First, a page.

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Covid Hero Campaign interview with Bola Tinubu

The Luxury Network Nigeria’s COVID Heroes campaign to celebrate extraordinary men and women helping the fight against Covid-19 in Nigeria is underway. The campaign aims to applaud outstanding individuals, whose work is critical to the survival of Nigeria in these unprecedented and challenging times. It is driven by the company’s ethos of partnership and collaboration for greater impact – especially in the ongoing fight against the coronavirus.

The first spotlighted hero is Mrs. Bola Tinubu, a corporate lawyer and the founder of Cece Yara Foundation: a foundation aimed at supporting children who have been a victim of abuse, alongside a plethora of prevention awareness programs for adults and children. During this pandemic, the foundation has continued to render it’s unequivocal support to children who have, and are being affected by the national lockdown because they live with their abusers.

Read her fascinating interview with Cas Ojo, the MD of The Luxury Network Nigeria below:

Please tell us a bit about yourself.
I am a Corporate Lawyer. I lead the Corporate Practice of Olajide Oyewole LLP (A member of DLA Piper Africa) and I have spent the last 25 years advising companies. Growing up I was acutely aware of child sexual abuse, and the initiatives that countries like the UK had put place. However, a few years ago, I learned about the horrific scale and impact of child sexual abuse in Nigeria, with 25% of girls and 10% of boys experiencing sexual violence before they reach the age of 18. I realised that nothing was really being done to help child survivors in Nigeria, and that they didn’t have a voice. So I established The Cece Yara Foundation in 2017 to change that. We now provide a national child helpline and support services to children who have experienced abuse from three locations, and provide prevention awareness programs for adults and children.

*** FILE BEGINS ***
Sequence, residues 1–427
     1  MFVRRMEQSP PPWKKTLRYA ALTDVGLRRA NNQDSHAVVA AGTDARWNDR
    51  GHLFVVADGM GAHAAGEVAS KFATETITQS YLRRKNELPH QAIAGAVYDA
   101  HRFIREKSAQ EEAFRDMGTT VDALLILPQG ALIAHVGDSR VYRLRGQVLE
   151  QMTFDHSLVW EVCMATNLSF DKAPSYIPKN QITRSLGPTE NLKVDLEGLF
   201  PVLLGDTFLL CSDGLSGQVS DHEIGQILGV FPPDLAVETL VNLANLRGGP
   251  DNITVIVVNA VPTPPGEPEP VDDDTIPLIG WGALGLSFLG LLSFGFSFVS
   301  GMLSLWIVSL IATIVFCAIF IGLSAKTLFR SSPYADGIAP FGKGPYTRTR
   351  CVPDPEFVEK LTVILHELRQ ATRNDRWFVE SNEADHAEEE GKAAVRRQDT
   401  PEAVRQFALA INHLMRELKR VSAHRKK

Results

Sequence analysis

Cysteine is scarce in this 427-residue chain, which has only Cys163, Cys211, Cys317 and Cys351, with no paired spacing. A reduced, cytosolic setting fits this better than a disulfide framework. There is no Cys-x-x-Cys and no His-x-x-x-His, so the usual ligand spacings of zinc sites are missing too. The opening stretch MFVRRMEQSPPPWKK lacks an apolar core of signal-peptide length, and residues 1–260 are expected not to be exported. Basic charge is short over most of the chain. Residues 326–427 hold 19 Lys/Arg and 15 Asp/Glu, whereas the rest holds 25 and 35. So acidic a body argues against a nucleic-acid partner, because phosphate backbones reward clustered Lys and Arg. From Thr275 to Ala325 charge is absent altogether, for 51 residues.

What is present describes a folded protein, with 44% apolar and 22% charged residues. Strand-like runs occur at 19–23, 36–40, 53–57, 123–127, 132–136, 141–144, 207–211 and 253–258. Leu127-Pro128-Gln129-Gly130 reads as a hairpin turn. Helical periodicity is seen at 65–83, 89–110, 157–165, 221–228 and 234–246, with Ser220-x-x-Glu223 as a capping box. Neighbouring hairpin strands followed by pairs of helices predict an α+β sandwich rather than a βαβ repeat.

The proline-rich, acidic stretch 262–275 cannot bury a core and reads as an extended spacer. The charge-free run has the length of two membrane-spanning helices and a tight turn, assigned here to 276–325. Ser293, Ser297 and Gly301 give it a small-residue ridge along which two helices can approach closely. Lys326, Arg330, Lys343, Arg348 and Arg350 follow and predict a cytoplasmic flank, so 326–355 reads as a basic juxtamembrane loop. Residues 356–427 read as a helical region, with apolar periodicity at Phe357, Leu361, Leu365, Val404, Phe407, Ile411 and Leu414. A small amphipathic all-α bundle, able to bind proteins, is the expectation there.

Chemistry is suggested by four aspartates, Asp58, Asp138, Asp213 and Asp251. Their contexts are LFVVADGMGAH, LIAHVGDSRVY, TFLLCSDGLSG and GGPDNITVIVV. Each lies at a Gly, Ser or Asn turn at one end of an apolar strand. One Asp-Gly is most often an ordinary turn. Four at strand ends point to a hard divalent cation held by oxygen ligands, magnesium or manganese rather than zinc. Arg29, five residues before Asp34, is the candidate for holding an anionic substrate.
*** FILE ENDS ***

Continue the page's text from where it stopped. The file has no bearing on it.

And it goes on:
Please share some of your career highlights to-date, to give us a picture about your professional background.
My professional knowledge and skills lie in corporate law and leadership, as a Chartered Director and Chartered Governance Professional. I enjoy my work immensely and have real professional fulfilment being a lawyer. Alongside that, is the personal fulfilment that I have, being able to make a difference through the work of the foundation and making an impact. We established the first free national child helpline in Nigeria as well as three Child Advocacy Centres in Lagos and Abuja providing support services. We have received over 12,000 calls to our helpline, we have attended to about 700 cases of abuse, provided counselling to 2500 children and adults, and trained over 30,000 children on how to protect themselves. We also provide of establishing the first purpose-built state-of-the art Child Forensic Interview Suite in Nigeria as well as the training of Child forensic Interview Experts.
A career highlight for me was the real honour to be recognised by the BBC in 2018 as one of 100 inspiring and influential women around the world for my work with children.

How have you been affected by the covid-19 crisis?